Asked whether it was fair to say that until 10 days ago, the Government had no contact with opposition figures at all, the PMS said he was not sure whether that was fair to assume. The PMS advised people to speak to Foreign Office as the embassy staff would understand the context best.
Asked whether regime change was the bottom line, the PMS said we had made ourselves clear on Gaddafi. The rest could only be judged by the Libyan people themselves. This was about responding to the aspirations of the Libyan people.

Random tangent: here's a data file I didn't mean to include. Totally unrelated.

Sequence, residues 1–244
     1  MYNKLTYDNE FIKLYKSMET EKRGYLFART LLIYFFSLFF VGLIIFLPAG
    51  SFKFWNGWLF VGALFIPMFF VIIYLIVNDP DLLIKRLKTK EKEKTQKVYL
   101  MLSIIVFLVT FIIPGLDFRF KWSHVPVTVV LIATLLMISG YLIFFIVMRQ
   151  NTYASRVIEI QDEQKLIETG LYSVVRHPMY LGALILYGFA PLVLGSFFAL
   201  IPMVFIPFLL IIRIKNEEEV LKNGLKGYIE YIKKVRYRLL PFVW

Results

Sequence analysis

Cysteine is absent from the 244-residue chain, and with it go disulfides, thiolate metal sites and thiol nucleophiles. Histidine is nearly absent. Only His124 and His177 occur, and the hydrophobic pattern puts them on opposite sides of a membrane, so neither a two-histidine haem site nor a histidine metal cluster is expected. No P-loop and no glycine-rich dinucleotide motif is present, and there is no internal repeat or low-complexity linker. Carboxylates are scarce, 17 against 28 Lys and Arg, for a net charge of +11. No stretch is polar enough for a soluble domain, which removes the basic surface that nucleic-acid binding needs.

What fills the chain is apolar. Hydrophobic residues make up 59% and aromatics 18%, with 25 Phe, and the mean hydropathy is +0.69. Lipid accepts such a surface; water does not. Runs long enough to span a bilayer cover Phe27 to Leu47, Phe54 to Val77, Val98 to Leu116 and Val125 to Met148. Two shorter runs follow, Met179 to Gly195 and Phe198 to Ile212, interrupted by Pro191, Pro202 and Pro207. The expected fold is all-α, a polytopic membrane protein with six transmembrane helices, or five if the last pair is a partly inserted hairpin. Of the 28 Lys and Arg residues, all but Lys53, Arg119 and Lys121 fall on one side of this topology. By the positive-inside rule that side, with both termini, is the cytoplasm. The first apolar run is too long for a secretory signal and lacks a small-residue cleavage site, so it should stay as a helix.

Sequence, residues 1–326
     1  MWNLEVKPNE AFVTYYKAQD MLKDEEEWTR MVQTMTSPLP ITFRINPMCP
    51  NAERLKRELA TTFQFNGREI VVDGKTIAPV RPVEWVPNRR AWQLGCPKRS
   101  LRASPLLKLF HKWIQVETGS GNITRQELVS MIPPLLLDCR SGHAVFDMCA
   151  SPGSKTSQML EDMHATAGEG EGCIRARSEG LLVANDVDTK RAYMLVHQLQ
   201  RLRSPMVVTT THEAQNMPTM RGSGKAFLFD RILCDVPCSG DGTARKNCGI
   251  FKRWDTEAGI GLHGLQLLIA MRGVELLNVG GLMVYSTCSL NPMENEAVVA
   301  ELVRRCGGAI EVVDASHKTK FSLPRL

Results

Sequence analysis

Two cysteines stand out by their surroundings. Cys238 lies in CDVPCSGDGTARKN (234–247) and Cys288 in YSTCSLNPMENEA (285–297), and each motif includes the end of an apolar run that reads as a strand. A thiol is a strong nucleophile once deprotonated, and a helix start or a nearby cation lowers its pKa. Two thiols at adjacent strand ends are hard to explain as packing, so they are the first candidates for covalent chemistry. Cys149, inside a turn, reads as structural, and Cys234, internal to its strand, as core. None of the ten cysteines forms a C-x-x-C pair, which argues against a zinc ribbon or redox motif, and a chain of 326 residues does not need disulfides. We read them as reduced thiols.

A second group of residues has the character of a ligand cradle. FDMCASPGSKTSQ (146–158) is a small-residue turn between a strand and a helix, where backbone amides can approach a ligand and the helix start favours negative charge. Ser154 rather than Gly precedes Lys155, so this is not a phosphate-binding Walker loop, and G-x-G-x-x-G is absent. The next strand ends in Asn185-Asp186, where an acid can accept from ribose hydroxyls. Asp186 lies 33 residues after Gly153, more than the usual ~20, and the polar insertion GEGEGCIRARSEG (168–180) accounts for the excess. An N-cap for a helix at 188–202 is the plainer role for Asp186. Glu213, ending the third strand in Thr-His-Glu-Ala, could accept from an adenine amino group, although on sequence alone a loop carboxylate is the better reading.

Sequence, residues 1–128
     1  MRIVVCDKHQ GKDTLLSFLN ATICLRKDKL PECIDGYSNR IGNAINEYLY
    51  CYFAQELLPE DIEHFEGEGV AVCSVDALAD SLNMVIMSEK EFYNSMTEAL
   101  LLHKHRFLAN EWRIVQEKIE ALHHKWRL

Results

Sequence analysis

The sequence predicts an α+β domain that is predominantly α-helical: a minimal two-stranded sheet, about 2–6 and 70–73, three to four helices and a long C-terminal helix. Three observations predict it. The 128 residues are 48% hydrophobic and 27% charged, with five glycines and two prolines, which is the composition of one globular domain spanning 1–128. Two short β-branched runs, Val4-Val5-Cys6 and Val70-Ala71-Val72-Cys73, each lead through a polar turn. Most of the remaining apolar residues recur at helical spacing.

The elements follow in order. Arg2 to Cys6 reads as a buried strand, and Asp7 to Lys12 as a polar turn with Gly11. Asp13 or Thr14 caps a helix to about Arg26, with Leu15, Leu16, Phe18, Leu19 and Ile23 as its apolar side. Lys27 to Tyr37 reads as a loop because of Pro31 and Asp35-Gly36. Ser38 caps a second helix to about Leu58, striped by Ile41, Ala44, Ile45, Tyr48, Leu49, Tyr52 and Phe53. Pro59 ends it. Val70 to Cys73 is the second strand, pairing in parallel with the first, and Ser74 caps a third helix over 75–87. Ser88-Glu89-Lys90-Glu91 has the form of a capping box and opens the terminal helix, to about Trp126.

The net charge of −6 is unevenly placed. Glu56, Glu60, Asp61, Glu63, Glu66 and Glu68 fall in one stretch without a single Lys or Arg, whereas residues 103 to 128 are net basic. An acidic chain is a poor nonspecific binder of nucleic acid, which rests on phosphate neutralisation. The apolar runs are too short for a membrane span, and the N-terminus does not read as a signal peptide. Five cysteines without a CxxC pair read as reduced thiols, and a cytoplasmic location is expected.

Questioned about whether the Prime Minister was confident with Tony Blair as UN envoy to the Middle East and whether the Prime Minister had spoken to Mr Blair himself, the PMS said we would use all available options to influence the regime. The British Government had clearly been in touch with Mr Blair and indeed we supported him with resources in his role.
Asked about the MOD announcement today on the squadrons not having been part of the SDSR and whether that meant the original process was not complete, the PMS said the SDSR involved strategic decisions about the future. Clearly there were detailed decisions that flowed from that and we were explicit at the time that a number of detailed decisions would follow from the Spending Review.